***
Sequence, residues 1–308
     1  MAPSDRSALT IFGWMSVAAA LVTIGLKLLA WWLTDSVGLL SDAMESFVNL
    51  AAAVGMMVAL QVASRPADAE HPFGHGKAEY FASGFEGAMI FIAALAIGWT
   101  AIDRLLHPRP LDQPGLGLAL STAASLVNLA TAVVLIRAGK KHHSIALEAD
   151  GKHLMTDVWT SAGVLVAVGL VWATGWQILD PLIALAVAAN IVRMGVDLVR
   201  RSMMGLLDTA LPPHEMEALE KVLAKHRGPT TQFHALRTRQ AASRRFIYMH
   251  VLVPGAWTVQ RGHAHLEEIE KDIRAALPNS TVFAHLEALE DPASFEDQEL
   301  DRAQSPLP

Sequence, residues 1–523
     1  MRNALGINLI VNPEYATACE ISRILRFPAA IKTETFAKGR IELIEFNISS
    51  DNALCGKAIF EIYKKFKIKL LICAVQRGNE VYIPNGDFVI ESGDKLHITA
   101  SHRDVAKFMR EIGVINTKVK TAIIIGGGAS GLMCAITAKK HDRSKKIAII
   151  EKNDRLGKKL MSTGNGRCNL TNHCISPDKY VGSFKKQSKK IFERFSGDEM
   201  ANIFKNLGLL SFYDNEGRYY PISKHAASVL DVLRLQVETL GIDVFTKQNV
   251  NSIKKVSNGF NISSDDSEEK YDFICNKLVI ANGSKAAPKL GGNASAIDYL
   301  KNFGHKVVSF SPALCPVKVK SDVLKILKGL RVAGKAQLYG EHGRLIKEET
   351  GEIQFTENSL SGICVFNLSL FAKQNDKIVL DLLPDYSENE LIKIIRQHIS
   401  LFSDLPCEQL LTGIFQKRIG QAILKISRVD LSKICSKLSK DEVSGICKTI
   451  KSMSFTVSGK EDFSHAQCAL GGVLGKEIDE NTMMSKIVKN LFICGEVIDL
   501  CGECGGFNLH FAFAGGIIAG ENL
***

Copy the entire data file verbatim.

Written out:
Sequence, residues 1–308
     1  MAPSDRSALT IFGWMSVAAA LVTIGLKLLA WWLTDSVGLL SDAMESFVNL
    51  AAAVGMMVAL QVASRPADAE HPFGHGKAEY FASGFEGAMI FIAALAIGWT
   101  AIDRLLHPRP LDQPGLGLAL STAASLVNLA TAVVLIRAGK KHHSIALEAD
   151  GKHLMTDVWT SAGVLVAVGL VWATGWQILD PLIALAVAAN IVRMGVDLVR
   201  RSMMGLLDTA LPPHEMEALE KVLAKHRGPT TQFHALRTRQ AASRRFIYMH
   251  VLVPGAWTVQ RGHAHLEEIE KDIRAALPNS TVFAHLEALE DPASFEDQEL
   301  DRAQSPLP

Sequence, residues 1–523
     1  MRNALGINLI VNPEYATACE ISRILRFPAA IKTETFAKGR IELIEFNISS
    51  DNALCGKAIF EIYKKFKIKL LICAVQRGNE VYIPNGDFVI ESGDKLHITA
   101  SHRDVAKFMR EIGVINTKVK TAIIIGGGAS GLMCAITAKK HDRSKKIAII
   151  EKNDRLGKKL MSTGNGRCNL TNHCISPDKY VGSFKKQSKK IFERFSGDEM
   201  ANIFKNLGLL SFYDNEGRYY PISKHAASVL DVLRLQVETL GIDVFTKQNV
   251  NSIKKVSNGF NISSDDSEEK YDFICNKLVI ANGSKAAPKL GGNASAIDYL
   301  KNFGHKVVSF SPALCPVKVK SDVLKILKGL RVAGKAQLYG EHGRLIKEET
   351  GEIQFTENSL SGICVFNLSL FAKQNDKIVL DLLPDYSENE LIKIIRQHIS
   401  LFSDLPCEQL LTGIFQKRIG QAILKISRVD LSKICSKLSK DEVSGICKTI
   451  KSMSFTVSGK EDFSHAQCAL GGVLGKEIDE NTMMSKIVKN LFICGEVIDL
   501  CGECGGFNLH FAFAGGIIAG ENL